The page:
Even if his average fastball velocity has inevitably waned over his 11-year career, it can still be an overpowering force. The Yankees bullpen has undergone a handful of changes from 2020 to 2021, but having Chapman back in the fold to shut things down should give fans a very comforting feeling heading into the new year.
The American League is very winnable
Looking from a bird’s-eye view on the American League, the Yankees are shaping up to be one of its most dominant teams again this season. The latest PECOTA projections predict a 97-win season for the Yankees -- a full four wins better than the next-closest AL team, the Astros (93.0), and 11 wins better than the defending division-champion Rays (86.4).
Tampa has now seen the departures of two major contributors to their rotation in Blake Snell (San Diego) and Charlie Morton (Atlanta), and even though the Blue Jays have brought in premier free-agent hitters like George Springer and Marcus Semien, their rotation still lacks top-end depth behind Hyun-jin Ryu.
Outside of the AL East, which clubs pose the biggest threat to derailing the Yankees’ path to the World Series? The Twins? White Sox? Astros? Angels? With all due respect to each of these clubs (and barring any other significant roster moves), the Yankees should have plenty of confidence facing any one of them in a potential must-win series, making the AL pennant as winnable as it’s been in recent history.
More motivation than ever to win No. 28
With all the roster moves, offseason narratives and lofty expectations heading into 2021, the ultimate question left to be answered is: “What will it take for the Yankees to get over the hump and win it all?”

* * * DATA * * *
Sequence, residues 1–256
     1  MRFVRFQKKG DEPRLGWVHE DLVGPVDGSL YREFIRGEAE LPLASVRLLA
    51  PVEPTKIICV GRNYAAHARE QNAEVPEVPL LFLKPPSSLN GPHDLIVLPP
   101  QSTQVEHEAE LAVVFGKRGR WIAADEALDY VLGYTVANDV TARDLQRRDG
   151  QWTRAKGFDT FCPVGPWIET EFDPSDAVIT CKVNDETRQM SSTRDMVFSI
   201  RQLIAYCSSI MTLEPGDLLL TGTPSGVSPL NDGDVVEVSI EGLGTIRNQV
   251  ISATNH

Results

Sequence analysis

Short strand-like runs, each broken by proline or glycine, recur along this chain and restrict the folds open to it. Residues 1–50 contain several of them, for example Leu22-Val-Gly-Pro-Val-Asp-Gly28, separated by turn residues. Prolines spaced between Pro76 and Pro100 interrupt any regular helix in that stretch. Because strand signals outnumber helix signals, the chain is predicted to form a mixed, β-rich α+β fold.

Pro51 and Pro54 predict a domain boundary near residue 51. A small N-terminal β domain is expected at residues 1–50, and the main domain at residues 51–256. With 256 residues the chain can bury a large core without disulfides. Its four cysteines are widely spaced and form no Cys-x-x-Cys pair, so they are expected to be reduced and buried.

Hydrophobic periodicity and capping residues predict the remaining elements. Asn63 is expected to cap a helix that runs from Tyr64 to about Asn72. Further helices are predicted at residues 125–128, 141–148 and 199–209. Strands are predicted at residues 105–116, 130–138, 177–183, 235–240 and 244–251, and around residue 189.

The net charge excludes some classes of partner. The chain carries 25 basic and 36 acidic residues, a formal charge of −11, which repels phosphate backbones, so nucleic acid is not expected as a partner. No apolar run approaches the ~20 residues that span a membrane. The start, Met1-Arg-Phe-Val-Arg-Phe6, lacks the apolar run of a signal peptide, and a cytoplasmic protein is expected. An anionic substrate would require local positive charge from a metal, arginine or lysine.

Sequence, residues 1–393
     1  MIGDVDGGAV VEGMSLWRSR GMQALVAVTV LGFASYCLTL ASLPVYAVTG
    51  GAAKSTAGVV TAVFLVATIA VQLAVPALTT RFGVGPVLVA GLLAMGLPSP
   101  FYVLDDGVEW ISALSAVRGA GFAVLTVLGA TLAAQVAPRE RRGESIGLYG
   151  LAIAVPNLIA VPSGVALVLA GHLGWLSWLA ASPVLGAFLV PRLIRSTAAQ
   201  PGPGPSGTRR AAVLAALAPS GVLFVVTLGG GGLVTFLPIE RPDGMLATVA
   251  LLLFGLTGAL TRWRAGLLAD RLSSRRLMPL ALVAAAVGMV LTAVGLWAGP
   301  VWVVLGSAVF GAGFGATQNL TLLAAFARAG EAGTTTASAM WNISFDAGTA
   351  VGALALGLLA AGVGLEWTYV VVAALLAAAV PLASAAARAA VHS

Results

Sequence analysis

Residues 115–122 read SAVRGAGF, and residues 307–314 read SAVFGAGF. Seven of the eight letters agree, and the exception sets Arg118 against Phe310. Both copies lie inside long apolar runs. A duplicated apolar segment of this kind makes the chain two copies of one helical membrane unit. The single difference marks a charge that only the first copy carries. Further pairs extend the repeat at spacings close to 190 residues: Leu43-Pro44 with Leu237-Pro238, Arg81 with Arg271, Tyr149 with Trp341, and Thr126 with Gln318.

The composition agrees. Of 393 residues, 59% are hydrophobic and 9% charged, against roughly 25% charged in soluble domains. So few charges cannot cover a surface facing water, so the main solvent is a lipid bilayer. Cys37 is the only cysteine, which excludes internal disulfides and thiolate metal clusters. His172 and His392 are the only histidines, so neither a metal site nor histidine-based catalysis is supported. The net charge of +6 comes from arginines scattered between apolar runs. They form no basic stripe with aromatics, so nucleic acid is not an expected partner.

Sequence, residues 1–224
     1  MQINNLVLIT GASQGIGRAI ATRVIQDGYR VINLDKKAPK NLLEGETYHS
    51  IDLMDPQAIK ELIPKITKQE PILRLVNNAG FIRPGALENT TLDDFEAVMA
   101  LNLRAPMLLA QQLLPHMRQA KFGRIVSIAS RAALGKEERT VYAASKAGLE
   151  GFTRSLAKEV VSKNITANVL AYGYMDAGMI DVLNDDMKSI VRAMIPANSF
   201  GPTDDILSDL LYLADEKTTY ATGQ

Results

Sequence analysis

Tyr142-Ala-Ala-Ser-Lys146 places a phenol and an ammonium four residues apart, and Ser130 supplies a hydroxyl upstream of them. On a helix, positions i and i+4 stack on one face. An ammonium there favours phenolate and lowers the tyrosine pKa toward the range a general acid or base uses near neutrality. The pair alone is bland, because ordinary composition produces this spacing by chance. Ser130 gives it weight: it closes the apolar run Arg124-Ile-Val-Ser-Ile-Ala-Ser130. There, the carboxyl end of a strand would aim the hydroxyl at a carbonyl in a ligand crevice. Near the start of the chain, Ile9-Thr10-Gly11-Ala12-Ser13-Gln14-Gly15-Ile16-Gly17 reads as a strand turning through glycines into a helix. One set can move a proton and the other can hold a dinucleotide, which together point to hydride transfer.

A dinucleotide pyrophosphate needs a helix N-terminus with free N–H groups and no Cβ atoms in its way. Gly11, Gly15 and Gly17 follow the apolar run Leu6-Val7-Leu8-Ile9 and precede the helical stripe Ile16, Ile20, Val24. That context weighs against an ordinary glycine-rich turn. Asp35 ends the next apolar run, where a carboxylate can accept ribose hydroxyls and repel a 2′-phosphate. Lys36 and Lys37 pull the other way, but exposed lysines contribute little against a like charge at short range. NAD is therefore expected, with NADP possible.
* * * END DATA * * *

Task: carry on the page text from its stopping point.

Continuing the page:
Aaron Boone was asked this very question in late-January. “The difference between moving on and going home is sometimes razor-thin, and that’s certainly been the case for us,” Boone explained. The Bombers have advanced all the way to the ALCS twice in the last four seasons, getting achingly close to their first World Series appearance since 2009. Sometimes all it takes is one crucial lucky break or one wrong move by the opposition, but as John Sterling’s timeless catchphrase goes, “That’s baseball, Suzyn.”
One thing working in the Yankees’ favor and demonstrated by recent baseball history is how difficult it is to repeat as World Series champions. As PECOTA and Las Vegas oddsmakers can affirm, the Los Angeles Dodgers are the biggest superpower on paper standing in the Yankees’ way of a 28th championship. No club has won back-to-back titles since the late-90s Yankees dynasty teams, who claimed three straight in 1998, 1999 and 2000. The Dodgers have taken strides to become the first team since those legendary Bombers clubs to win consecutive titles with the addition of prized free-agent ace Trevor Bauer, but the challenge is going to be immense for them to climb to the mountaintop for the second year in a row.
“Hopefully this is the year we can do it, that’s the expectation,” said Boone of his team’s World Series aspirations. “I know we’ll have a confident group that hopefully will put is in that position.”